Soon, there won't be "more and more people with more and more connections." There will be the same people with fewer and fewer.

Facebook's intoxicating first phase was about discovering and curating friends. Facebook's equally compelling second act, which was about interacting with said friends, took a strong social graph for granted — it built on the assumption that your graph had integrity and relevance, and it did little to inspire you to maintain it. You didn't need to! It was still new, so the apps and new features worked fine.

But by opening the graph to developers and refocusing users on apps, games, and small interactions — by training our sights on the feed, not our friends — Facebook effectively froze it in time. With the News Feed, the primary mode of interaction on Facebook is through apps and outside content, whereas it used to be through Facebook's core functions, such as friending, messaging, and liking. Take a look at your Facebook account today. How closely does it mirror your real life? Are the people in your feed more or less present in your life than they were two years ago? Is Facebook the first place you'd go to share personal news? Does it still have access to your "real connections," to borrow Zuckerberg's phrase?

Facebook, it seems, is demanding more and more of a graph that is able to provide less and less.

Facebook's new design posits that its engagement problem, and by extension its graph problem, can be solved by moving things around on the page, changing the size of a photo, or allowing users to sort their News Feeds in a finer way. By rearranging and re-presenting the data its users have already given it, Facebook believes it can feel new again.

Facebook needs to make maintaining a Facebook account as compelling as creating one. And it's not clear how Facebook can incentivize people to update their accounts — to trim old friends, to add new ones, to adjust all the various sliders and dials that power Facebook today. This is labor; it feels like doing repairs, not creating something exciting and new. News Feed subscriptions were a step in this direction but appear to have backfired. Graph Search promised to surface untold insights lurking in your social graph. Instead, reviewers (and users) found it lacking in function and depth. The new design's "friends-only" feed will serve as a good meter of how healthy your graph is. Whether it will inspire you to fix it is another matter.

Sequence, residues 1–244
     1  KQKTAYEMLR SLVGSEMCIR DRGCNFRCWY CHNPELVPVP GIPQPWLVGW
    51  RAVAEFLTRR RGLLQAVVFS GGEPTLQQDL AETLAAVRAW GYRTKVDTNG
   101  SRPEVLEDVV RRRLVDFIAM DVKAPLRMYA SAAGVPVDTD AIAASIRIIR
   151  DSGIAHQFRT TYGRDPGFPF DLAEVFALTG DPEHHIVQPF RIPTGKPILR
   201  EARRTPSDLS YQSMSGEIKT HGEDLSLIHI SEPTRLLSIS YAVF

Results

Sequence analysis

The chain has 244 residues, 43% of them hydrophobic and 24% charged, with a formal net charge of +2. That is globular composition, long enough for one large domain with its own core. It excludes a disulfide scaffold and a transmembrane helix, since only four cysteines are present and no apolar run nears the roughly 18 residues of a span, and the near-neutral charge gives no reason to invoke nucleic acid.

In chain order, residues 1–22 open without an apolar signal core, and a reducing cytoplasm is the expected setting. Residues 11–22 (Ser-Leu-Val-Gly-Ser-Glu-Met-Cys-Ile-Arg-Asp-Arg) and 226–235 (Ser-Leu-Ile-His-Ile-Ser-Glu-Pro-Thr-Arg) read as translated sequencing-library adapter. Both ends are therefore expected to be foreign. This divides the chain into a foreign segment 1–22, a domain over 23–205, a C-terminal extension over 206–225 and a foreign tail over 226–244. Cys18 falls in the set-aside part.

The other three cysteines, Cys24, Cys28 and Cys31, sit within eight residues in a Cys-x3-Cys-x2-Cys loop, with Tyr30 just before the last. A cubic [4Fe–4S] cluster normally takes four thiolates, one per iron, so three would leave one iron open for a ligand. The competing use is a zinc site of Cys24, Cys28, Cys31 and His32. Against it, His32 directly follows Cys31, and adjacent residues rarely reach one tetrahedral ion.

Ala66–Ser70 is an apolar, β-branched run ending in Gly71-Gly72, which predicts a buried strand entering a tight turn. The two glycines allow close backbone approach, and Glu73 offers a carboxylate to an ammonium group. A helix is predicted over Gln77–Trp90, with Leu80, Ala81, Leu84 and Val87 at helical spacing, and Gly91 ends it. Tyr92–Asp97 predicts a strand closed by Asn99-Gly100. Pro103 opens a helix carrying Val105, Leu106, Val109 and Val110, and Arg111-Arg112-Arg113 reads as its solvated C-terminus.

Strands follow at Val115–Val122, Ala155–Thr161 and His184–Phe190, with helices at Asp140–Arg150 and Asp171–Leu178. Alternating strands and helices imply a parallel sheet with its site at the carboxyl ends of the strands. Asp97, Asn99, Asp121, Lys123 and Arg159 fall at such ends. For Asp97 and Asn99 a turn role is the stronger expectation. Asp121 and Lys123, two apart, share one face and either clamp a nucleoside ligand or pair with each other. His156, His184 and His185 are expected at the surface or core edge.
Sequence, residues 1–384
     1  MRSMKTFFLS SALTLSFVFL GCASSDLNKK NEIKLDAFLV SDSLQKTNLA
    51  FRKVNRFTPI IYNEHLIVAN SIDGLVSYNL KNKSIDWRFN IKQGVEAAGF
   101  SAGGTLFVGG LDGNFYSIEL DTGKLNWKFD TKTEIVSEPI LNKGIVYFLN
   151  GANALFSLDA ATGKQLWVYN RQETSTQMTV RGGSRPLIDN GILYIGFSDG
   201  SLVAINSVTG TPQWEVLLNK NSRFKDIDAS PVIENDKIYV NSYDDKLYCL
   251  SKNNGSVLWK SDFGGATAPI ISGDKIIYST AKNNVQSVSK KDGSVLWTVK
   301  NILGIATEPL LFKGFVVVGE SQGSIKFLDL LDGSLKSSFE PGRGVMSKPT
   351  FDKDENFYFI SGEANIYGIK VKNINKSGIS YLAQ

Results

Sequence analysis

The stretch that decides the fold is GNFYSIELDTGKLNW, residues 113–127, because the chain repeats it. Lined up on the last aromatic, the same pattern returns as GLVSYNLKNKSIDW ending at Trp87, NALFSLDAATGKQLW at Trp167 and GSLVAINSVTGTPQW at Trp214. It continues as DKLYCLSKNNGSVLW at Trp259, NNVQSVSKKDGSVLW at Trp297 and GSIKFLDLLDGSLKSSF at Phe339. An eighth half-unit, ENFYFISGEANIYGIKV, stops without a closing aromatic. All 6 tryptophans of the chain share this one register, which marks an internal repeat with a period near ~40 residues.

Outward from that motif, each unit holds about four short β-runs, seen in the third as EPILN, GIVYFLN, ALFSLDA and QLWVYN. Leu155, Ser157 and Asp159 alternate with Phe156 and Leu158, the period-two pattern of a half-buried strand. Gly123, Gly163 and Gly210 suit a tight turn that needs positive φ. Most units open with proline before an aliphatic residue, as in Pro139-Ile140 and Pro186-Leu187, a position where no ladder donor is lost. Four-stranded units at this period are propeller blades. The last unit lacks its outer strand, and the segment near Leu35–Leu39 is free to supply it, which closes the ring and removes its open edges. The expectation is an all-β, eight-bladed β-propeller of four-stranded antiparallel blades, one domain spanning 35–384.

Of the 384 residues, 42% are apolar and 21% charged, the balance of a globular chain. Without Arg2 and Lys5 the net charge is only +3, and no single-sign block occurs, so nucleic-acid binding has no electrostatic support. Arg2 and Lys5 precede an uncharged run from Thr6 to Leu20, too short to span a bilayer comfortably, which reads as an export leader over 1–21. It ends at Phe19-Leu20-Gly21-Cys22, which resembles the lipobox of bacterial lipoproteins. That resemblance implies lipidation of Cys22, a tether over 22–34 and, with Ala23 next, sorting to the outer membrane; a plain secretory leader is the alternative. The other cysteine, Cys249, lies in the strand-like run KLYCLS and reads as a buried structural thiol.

App developers are actively planning for the graph-rot contingency. Open Graph has allowed them to amass huge user bases, which many are leveraging to build separate graphs of their own. A developer of a travel app told me that he was using the data gathered from his Facebook app to create a non-Facebook-bound recommendations engine; instead of recommending trips based on where your Facebook friends have gone, it makes recommendations based on where similar travelers have gone. King.com's representative emphasized that the site's external portal saw over 10 million unique visits a month, independent of Facebook. Nearly every developer I spoke with had devised some sort of Facebook escape pod.

(That's not to mention Facebook's nascent teen problem: In a recent interview with BuzzFeed, the founder of Albumatic, a new photo-sharing app that plugs into Facebook, said he was offering a non-Facebook sign-in option after younger testers claimed not to have accounts.)

At the bar, Lessin was unable to speak about this issue on record. But he was fielding multiple questions about it.

As I was waiting to speak with Lessin, a high-profile tech blogger known for his bullish stance and optimistic reporting on Facebook assured Lessin — and everyone else within earshot — that his Facebook experience was fantastic, and that his friends were numerous, appreciated, and relevant. They share great things, he said.

Even he seemed concerned, though, in his own way. Is everyone's experience that good? he wondered aloud. And how can Facebook make sure?